Same but different?
Measurement invariance of the PIAAC motivation-to-learn scale across key socio-demographic groups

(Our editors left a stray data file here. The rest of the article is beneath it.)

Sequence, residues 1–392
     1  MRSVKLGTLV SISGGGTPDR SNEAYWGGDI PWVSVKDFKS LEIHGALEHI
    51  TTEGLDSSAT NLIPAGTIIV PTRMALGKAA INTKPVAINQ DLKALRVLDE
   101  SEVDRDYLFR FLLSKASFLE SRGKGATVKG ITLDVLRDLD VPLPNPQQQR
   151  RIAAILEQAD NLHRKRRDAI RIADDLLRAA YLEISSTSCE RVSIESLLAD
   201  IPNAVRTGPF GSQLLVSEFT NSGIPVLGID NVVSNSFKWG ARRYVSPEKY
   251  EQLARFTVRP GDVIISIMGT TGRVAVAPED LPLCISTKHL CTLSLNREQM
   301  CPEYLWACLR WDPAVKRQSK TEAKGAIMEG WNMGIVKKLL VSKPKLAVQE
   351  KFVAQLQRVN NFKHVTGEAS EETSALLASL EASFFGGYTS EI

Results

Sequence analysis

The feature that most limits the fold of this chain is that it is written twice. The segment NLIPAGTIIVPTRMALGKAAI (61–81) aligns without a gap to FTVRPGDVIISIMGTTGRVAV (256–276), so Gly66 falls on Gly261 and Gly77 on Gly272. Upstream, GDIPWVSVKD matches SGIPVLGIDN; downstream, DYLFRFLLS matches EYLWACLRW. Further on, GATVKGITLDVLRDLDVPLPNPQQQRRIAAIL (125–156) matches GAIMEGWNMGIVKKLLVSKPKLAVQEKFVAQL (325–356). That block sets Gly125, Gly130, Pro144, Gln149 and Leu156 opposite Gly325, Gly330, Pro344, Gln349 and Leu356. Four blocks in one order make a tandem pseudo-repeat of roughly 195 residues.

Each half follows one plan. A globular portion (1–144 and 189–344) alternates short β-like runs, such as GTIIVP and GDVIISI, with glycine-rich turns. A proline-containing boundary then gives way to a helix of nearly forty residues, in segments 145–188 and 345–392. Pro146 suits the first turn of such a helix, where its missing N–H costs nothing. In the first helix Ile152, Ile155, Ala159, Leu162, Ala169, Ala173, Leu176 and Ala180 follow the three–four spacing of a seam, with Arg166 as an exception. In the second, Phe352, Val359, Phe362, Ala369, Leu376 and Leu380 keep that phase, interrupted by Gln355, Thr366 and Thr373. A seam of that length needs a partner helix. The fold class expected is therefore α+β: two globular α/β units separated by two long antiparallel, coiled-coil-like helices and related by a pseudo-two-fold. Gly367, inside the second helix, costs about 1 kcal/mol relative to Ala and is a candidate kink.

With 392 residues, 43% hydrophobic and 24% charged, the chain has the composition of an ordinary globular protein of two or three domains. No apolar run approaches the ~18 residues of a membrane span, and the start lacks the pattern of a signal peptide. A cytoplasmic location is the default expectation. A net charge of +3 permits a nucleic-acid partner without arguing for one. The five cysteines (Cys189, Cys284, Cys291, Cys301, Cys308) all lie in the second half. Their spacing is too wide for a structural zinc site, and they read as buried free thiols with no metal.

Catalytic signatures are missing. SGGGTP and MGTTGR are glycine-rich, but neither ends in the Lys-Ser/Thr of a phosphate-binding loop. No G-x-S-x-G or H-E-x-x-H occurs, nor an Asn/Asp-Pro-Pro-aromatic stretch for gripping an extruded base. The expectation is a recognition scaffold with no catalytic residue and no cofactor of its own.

Background: Data from the Programme for the International Assessment of Adult Competencies (PIAAC) revealed that countries systematically difer in their respondents’ literacy, numeracy, and problem solving in technology-rich environments skills; skill levels also vary by gender, age, level of education or migration background. Similarly, systematic diferences have been documented with respect to adults’ participation in education, which can be considered as a means to develop and maintain skills. From a psychological perspective, motivation to learn is considered a key factor associated with both skill development and participation in (further) education. In order to account for motivation when analyzing PIAAC data, four items from the PIAAC background questionnaire were recently compiled into a motivation-to-learn scale. This scale has been found to be invariant (i.e., showing full weak and partial strong measurement invariance) across 21 countries. Methods: This paper presents further analyses using multiple-group graded response models to scrutinize the validity of the motivation-to-learn scale for group comparisons. Results: Results indicate at least partial strong measurement invariance across gender, age groups, level of education, and migration background in most countries under study (all CFI > .95, all RMSEA < .08). Thus, the scale is suitable for comparing both means and associations across these groups. Conclusions: Results are discussed in light of country characteristics, challenges of measurement invariance testing, and potential future research using PIAAC data.